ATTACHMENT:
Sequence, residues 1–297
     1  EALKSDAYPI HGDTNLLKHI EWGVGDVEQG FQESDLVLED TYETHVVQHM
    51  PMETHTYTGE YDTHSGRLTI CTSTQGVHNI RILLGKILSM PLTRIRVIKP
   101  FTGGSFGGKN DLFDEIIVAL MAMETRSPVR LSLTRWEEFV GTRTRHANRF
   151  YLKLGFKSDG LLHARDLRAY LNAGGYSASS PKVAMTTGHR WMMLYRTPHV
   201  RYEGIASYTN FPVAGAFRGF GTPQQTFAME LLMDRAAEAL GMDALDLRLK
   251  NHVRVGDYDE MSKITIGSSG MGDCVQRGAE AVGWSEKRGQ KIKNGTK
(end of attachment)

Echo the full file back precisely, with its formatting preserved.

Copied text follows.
Sequence, residues 1–297
     1  EALKSDAYPI HGDTNLLKHI EWGVGDVEQG FQESDLVLED TYETHVVQHM
    51  PMETHTYTGE YDTHSGRLTI CTSTQGVHNI RILLGKILSM PLTRIRVIKP
   101  FTGGSFGGKN DLFDEIIVAL MAMETRSPVR LSLTRWEEFV GTRTRHANRF
   151  YLKLGFKSDG LLHARDLRAY LNAGGYSASS PKVAMTTGHR WMMLYRTPHV
   201  RYEGIASYTN FPVAGAFRGF GTPQQTFAME LLMDRAAEAL GMDALDLRLK
   251  NHVRVGDYDE MSKITIGSSG MGDCVQRGAE AVGWSEKRGQ KIKNGTK